FR   EN   中文

Gaspare Lopez (1650-1732) Still Life with flowers, fruit and white and blue
Ref : 68186
35 000 €
Period :
18th century
Provenance :
Italy, Bruno Buitoni collection
Medium :
Oil on canvas
Dimensions :
L. 28.74 inch X l. 37.4 inch
Matheus Gallery

18th century Italian and Venetian furniture

+39 34 95 09 49 60
Gaspare Lopez (1650-1732) Still Life with flowers, fruit and white and blue

Oil painting on canvas

contemporary frame at the time of the painting

Dimensions: 73x95 cm - 122x99 cm with frame

already Bruno Buitoni collection

The news we have about the life of Gaspare Lopez, said of the flowers, probably born in Naples and lived in Florence and around Venice
in 1740, we get them through De Dominici. They need, however, an integration with new documents and information to draw from his stay in Florence.
Its place of birth is perhaps to be traced back to the city of Naples. Here he had the Belvedere as his teacher. At the same time he became familiar with the works of JeanBaptiste Dubuisson. Hence his style of painting became ornamental and characterized by a strong chromaticism.
Among his artistic predilections, the en plein air compositions included, in particular, in green and natural contexts, rich in trees and vegetation or in avenues and monumental elements.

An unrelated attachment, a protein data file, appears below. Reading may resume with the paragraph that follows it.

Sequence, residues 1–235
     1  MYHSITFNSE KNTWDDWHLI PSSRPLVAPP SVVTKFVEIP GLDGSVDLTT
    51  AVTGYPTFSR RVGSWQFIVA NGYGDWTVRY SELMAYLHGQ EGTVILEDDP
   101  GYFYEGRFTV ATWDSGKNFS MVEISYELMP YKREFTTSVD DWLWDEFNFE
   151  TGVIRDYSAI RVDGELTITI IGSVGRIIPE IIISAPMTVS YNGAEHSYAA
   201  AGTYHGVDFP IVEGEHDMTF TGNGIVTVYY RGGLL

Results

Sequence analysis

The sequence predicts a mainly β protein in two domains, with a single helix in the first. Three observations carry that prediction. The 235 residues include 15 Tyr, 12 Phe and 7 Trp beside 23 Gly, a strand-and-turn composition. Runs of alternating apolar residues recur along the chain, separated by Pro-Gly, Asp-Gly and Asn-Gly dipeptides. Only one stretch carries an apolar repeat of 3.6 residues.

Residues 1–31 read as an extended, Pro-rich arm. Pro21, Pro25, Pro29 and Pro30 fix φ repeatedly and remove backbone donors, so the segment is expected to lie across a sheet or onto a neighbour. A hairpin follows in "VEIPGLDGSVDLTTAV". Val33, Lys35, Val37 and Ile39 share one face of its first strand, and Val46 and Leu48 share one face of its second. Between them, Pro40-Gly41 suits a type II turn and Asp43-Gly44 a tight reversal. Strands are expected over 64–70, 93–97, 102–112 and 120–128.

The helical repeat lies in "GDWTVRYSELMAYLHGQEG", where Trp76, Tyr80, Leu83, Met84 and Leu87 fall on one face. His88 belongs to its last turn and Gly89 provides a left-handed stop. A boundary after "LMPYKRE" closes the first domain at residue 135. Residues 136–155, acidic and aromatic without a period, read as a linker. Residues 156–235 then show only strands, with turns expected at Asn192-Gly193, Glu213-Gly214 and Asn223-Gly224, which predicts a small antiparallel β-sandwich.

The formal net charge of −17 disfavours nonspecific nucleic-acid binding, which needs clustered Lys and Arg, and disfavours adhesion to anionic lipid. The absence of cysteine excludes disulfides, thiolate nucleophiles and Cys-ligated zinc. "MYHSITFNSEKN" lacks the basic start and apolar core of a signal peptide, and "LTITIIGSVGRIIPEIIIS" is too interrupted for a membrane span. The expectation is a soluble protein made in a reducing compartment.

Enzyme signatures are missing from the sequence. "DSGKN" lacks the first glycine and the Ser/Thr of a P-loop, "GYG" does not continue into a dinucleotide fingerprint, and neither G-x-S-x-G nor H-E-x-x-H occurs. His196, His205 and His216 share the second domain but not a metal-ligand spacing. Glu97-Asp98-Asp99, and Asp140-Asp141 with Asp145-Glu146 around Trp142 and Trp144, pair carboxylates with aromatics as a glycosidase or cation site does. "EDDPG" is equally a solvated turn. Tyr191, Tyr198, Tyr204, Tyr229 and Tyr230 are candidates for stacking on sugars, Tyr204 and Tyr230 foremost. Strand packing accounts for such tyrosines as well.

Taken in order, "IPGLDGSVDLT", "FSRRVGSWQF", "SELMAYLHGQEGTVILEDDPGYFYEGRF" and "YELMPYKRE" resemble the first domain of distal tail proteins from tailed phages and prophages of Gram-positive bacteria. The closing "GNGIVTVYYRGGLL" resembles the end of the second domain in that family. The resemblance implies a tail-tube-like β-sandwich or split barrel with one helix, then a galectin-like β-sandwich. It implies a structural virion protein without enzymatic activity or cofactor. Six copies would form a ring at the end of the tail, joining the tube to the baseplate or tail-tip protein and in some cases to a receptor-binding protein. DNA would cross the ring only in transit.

His first work dates back to 1712 and takes the name of Fiori, depicting a female figure in a landscape, currently preserved in the museum of San Martino.
Other works by Gaspare Lopez can be found not only in the Royal Palace of Caserta and the Correale in Sorrento, but also in the Uffizi and at the Kunsthi-storisches in Vienna and the smaller museums in Valletta, Chambery and Kiev.
In 1717 Gaspare Lopez records an inscription to the Guild of Neapolitan painters. From Naples, however, he soon moved to travel and work abroad, in Prussia, Rome, Venice, perhaps in Poland.
After these trips, however, Gaspare Lopez decided to settle in Florence, where he lived for over ten years and was influenced by Andrea Scacciati's style. Francesco Maria Niccolò Gaburri introduced him in 1727 into the artistic environment.
His reputation began to spread and was in great demand by well-to-do local collectors including Ignazio Hugford.
His seems to have been a violent death caused by injuries sustained during a fight in Venice and datable around 1740.

Matheus Gallery


18th Century Oil Painting Louis XIV